Recent work relating to loan agreements

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Our cases span both individuals and companies whether as lenders or borrowers on both secured and unsecured loans.  Loans represent liability and our clients come to us to understand the real implications, review agreements and help them recover money lent.

To help you understand if we have the right experience for you we have set out some of our recent cases

Drafting loan documentation and security agreement

We were instructed by a large portable toilet company to assist with its proposed borrowing of circa £1m from a small self administered pension scheme (SSAS). The SSAS was a pension fund of one of the directors of the company and, subject to us being satisfied that there were no conflicts of interest, we also advised the trustees of the SSAS on the documents within the transaction.

Legal charge

As part of the terms agreed between the company and the trustees, the company agreed to grant security in favour of the SSAS by way of a legal charge over certain assets it held. In order for the trustees to be comfortable that the value of the assets being used as security exceeded the value of the loan being made, the assets required valuing. Once the assets were valued and the trustees were satisfied that the value of the assets exceeded the value of the loan being made, the structure of the deal was agreed in principle.

Dealing with complications relating to the legal charge under the loan agreement

A complicating factor in this matter was that certain of the assets being charged had also previously been used as security for previous borrowings of the company. As those previous borrowings were outstanding and the assets were still charged in favour of the previous lender, the previous lender required the SSAS to enter into a deed of priority.

We were therefore required to draft a loan agreement and legal charge pursuant to which, the terms of the borrowing and the assets to be secured were documented. We were also required to advise the trustees on the terms of the deed of priority, ensuring that the trustees were comfortable with the terms of the deed of priority and, in particular, on a previous lender to the company being a preferred creditor over the SSAS.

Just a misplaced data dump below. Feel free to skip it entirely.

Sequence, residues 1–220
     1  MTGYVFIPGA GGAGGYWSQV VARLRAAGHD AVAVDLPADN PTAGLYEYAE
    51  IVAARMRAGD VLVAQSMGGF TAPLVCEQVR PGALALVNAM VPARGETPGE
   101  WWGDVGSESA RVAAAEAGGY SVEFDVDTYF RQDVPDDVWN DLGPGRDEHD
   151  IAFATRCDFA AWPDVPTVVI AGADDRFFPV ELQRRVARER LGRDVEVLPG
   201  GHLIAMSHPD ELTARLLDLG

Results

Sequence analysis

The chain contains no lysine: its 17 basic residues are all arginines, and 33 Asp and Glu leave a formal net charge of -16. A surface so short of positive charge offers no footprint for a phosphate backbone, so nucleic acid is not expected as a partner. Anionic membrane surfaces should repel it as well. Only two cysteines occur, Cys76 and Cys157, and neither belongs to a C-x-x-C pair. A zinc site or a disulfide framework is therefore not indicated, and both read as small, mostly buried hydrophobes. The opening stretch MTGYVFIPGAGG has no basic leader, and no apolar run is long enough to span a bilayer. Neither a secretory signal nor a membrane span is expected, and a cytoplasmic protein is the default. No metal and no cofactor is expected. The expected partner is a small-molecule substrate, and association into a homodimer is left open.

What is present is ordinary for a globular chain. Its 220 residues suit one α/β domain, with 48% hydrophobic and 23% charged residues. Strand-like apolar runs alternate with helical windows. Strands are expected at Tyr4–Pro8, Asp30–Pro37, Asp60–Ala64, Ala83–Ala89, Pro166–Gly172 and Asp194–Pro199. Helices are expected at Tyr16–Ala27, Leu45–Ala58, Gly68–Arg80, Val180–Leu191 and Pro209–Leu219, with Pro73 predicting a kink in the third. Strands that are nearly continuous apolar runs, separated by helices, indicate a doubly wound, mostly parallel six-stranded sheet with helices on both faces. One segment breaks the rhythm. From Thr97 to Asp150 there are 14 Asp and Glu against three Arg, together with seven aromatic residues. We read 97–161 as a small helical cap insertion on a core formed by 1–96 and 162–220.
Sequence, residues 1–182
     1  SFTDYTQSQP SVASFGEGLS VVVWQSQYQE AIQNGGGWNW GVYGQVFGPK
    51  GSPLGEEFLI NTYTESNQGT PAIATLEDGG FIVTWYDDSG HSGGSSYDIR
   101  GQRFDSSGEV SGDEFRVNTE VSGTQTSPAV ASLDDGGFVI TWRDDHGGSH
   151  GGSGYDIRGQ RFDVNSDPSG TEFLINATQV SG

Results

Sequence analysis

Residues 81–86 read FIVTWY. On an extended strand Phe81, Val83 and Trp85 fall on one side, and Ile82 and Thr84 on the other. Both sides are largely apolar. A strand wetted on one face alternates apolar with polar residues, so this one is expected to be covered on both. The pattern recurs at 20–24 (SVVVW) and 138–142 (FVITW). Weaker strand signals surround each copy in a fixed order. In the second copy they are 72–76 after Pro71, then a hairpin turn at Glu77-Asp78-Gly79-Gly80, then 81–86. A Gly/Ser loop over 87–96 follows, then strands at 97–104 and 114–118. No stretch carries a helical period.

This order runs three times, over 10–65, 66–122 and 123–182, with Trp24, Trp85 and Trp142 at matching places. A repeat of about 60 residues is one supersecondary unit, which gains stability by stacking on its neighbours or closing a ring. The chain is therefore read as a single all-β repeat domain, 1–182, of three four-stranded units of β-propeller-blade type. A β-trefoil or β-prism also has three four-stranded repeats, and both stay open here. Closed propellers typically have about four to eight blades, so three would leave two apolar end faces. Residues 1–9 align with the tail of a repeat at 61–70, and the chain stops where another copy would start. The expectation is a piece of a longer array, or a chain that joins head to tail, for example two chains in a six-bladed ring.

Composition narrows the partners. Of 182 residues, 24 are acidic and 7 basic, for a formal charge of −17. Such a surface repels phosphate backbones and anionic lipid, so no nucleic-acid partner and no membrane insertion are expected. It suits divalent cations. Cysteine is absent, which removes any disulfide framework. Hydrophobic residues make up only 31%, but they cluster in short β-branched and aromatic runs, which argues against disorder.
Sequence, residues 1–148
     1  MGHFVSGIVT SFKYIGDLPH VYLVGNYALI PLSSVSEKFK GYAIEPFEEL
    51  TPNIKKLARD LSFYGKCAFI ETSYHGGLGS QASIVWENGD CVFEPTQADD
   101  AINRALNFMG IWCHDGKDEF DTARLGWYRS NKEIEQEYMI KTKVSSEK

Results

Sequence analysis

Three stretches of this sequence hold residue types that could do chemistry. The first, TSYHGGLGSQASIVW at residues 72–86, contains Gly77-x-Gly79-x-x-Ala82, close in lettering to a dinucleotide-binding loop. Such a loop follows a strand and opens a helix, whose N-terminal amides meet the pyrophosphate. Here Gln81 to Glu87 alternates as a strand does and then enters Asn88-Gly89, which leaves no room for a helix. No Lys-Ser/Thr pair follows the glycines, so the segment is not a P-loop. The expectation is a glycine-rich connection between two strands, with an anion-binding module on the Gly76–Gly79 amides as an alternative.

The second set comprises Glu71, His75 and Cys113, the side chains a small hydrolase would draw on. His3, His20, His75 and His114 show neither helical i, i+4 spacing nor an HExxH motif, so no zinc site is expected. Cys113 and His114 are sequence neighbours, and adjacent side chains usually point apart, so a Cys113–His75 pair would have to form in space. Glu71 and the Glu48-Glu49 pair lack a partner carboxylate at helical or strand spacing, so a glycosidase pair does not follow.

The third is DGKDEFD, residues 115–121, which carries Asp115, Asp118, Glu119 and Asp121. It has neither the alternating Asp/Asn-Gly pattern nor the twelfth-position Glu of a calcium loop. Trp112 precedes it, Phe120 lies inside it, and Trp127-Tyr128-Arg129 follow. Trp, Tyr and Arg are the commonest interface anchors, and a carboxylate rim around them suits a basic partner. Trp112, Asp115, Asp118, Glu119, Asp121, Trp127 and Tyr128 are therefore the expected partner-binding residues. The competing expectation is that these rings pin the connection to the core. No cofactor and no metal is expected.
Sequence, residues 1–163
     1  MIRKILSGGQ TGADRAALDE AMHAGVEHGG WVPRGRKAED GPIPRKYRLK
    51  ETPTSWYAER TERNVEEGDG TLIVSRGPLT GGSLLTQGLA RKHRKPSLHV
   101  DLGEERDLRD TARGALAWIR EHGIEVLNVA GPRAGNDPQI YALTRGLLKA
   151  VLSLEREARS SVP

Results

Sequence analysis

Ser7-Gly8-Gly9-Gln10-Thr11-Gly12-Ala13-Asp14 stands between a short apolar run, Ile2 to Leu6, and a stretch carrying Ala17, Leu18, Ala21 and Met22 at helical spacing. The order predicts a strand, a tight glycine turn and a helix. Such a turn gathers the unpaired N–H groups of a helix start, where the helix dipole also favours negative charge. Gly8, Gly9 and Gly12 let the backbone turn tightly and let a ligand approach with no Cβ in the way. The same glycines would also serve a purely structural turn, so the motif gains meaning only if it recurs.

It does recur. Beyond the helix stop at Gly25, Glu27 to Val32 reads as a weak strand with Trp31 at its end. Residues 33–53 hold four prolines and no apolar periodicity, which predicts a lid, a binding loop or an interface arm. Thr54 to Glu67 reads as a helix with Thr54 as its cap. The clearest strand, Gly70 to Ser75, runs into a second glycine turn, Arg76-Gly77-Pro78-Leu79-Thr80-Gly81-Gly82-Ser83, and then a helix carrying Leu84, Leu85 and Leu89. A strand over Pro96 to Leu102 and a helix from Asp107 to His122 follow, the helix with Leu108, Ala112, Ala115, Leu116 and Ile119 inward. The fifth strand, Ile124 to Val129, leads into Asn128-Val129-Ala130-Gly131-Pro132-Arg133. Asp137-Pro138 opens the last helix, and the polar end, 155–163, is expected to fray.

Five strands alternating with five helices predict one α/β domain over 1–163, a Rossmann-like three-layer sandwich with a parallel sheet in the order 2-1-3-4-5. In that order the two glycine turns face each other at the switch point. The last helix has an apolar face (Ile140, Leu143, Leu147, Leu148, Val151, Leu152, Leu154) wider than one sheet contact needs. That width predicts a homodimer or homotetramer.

Registering the charge at Companies House

Once all documents were in an agreed form, we were required to register the legal charge granted by the company to the SSAS at Companies House. Any charges must be registered within 21 days from the date of the charge. If the 21 day period is not adhered to, Companies House will not register the legal charge unless it is directed to do so by a court.

Review of loan agreement for a bank

We were instructed to advise a large UK bank on its proposed lend of £5m to a UK based engineering company. The company required funding in connection with its acquisition of the business and assets of a competitor.

In order for the bank to release funds to the company, the bank required us to report on the key terms of the transaction documents of the purchase, being the share purchase agreement and disclosure letter. The bank also required us to draft a legal charge, debenture and inter-creditor deed. The legal charge and debenture were relatively prescriptive but the intercreditor deed was more complex in nature.

Acquisition of shares in the event of default